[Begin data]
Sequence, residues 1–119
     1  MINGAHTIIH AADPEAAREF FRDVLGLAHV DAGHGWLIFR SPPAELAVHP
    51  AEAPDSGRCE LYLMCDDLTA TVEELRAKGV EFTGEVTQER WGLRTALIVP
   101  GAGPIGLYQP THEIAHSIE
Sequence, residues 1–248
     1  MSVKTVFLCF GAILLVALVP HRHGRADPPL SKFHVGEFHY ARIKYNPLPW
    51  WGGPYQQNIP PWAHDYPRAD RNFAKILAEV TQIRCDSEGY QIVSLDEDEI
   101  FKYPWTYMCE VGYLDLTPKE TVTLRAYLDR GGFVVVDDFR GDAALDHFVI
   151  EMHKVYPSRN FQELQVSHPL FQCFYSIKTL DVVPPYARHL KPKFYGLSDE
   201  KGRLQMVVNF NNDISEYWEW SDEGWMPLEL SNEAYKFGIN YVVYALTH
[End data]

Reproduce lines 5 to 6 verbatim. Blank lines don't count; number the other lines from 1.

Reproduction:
Sequence, residues 1–248
     1  MSVKTVFLCF GAILLVALVP HRHGRADPPL SKFHVGEFHY ARIKYNPLPW